When President Hinckley entered the Arco Arena, for the member meeting preceding the youth cultural celebration, 17,000 people leaped to their feet, clapped and cheered — many of them teenagers. These weren’t the polite cheers born of obligation. Instead, they were spontaneous, joyful — a prelude into breaking into singing, “We Thank Thee O God for a Prophet.”
Camera flashes staccatoed through the audience. (President Hinckley, who is patient with this process, once joked, “If all the cameras were thrown into the ocean, there would be a great flood.”)
Elton John is the next person who will appear on the stage at the Arco Arena, and it would be surprising if even an entertainment star like him received close to the ovation President Hinckley received.
Latter-day Saints simply love their prophet — and he loves them too. “My but you look good,” he said. “You’re beautiful. You young people are beautiful. Thank you for coming and thank you for affording me this opportunity.”
President Hinckley also mentioned his age — as he often has in such gatherings lately.
“This may be the last time I will ever come to this part of California. I’m in my 97th year. I’m an old man. I don’t know how long I’m good for.
“This is a wonderful day for the members of the church in the great state of California,” he said. President Hinckley, always aware of history, told the crowd that this temple dedication is really the culmination of a long history of Latter-day Saints in California.
In 1846 members of the Mormon Battalion came to Coloma on the American River, not far from Sacramento. As they had been released from service, they were counseled by Brigham Young that those with families should go home and those without families should stay and work through the winter. Some 110 of them stayed in the Sacramento area and worked to send money back to the Saints.
President Hinckley noted that on January 24, 1848, Henry Bigler noted in his journal that some metal that looks like gold was found at Sutter’s mill. That same day, James Marshall, Sutter’s foreman picked up some gold. They tried to keep it a secret, but Sam Brannon rode through the streets yelling, “Gold, gold, gold.”
Prospectors came from across the country. Many came through Salt Lake, where they traded their tired horses for fresh ones.
One Latter-day Saint wrote of using his trousers to pan for gold, tying them at the bottom to catch the river silt. At the end of the day he put the pants on again. But then, despite, all the lure of gold, and though people were flocking toward California with treasure in their eyes, this man, and many like him, loaded their wagons and left the gold behind. Following a prophet, they headed to Utah to “grub sage brush the rest of their lives.”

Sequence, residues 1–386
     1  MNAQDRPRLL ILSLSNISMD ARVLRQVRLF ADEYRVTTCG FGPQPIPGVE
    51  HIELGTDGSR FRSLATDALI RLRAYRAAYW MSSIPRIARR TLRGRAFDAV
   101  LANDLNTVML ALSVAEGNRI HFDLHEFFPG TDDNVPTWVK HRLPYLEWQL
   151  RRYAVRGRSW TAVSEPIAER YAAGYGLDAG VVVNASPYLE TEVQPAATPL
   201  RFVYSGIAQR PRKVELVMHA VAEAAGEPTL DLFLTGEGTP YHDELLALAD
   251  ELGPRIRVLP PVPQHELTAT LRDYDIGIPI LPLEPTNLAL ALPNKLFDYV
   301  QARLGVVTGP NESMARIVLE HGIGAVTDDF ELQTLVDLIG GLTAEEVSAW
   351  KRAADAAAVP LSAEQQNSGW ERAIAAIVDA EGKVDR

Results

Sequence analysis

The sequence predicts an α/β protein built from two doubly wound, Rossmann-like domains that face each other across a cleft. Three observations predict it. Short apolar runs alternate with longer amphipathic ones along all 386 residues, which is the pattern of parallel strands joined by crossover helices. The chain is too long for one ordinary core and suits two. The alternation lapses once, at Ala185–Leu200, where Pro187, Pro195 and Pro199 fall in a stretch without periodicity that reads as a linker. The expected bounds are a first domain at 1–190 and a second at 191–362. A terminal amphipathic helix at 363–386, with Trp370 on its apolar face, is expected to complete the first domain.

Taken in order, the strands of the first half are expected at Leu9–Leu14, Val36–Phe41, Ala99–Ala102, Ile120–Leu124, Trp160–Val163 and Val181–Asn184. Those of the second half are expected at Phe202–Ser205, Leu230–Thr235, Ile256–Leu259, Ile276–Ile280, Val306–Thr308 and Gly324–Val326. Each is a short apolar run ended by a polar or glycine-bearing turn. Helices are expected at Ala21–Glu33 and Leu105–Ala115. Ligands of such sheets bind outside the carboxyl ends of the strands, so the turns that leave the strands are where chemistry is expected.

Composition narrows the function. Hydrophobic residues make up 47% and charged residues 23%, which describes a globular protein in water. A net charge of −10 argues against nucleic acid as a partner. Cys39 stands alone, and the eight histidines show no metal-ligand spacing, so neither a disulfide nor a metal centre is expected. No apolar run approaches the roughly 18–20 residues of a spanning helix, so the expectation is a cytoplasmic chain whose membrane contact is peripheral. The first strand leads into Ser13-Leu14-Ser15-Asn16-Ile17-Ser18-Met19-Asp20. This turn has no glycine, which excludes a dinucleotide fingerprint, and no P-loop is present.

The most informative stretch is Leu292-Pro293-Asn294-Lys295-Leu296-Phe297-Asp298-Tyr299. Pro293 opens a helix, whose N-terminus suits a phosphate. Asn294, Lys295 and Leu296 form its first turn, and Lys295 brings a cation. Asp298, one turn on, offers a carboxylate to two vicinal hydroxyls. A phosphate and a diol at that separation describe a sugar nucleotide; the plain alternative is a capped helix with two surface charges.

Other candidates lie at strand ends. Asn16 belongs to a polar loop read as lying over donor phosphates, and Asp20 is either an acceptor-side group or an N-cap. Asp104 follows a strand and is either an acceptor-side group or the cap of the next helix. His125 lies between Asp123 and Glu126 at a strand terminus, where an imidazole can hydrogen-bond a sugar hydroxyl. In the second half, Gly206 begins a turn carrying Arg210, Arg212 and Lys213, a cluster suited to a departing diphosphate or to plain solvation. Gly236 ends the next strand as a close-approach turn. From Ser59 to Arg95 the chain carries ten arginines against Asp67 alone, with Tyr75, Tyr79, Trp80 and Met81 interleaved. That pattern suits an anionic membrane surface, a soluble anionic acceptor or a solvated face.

Elder L. Tom Perry said, “What a privilege it is to be here at this glorious time of dedication, a time to rededicate ourselves to following a prophet.”
President Hinckley said of the Sacramento area, “The Church has now reached full maturity. When we came here a few years ago, looking for a temple site, we went all over this area and finally determined that we had a better site at Rancho Cordova than many we had seen.”
The Rancho Cordova site is a 47-acre piece of property that was already owned by the Church
President Hinckley said that the temple that was to be dedicated the next day “is magnificent and stands as a testimony to the world of our belief in the immortality of the human soul.” He said that it was strange to him that Christians throughout the world celebrate the resurrection of our Lord, but do very little to celebrate the resurrection and the future it holds on behalf of all man. “We can contribute to that gift as we accomplish the work to be done in temples,” President Hinckley said.
Choose You This Day
President Thomas S. Monson, First Counselor to President Hinckley told the young people, “We talk about free agency and every one of us here tonight, young and old, have choices to make in life. Our futures will depend on the choices we make.”
He quoted “Know This, That Every Soul is Free”
Know this that every soul is free
To choose his life and what he’ll be;
For this eternal truth is giv’n;
That God will force no man to heav’n.
He’ll call, persuade, direct aright.
And bless with wisdom, love, and light,
In nameless ways be good and kind,
But never force the human mind.
President Monson gave some guidelines to help youth make good choices. First he said, we need to remember to choose where we want to go. He reminded the teens of the dialogue between Alice and the Cheshire cat from Alice in Wonderland. Alice came to a fork in the road. “Which road do I take?” she asked.
“Where do you want to go?” responded the Cheshire cat.
“I don’t know,” Alice answered.
“Then,” said the cat, “it doesn’t matter.”
We have to know where we want to go. So that youth know the answer to that, President Monson said that a guideline is “I will listen.” He said, let us be good listeners to our parents and for that sweet spirit of direction from the Holy Ghost.
The next guideline he said is “I will learn,” and the final guideline was “I will labor.” He said the words of Nephi “never tire in my mind.” Nephi said, “I will go and do the things which the Lord hath commanded” (1 Nephi 3:7).
In speaking of the temple dedication the next day, President Monson quoted from the third chapter of Revelation: “Behold, I stand at the door, and knock: if any man hear my voice, and open the door, I will come in to him and will sup with him, and he with me.”
“Let’s listen for that little knock from the Lord, that sweet prompting. That’s the spirit we will seek in his holy temple tomorrow when it is dedicated.”
As President Hinckley and his associates left the stage at the end of the meeting, there was an outpouring of love from the Prophet and from the audience. President Hinckley, ever aware of the audience and the press, was kind to both and acknowledged their presence with his eyes.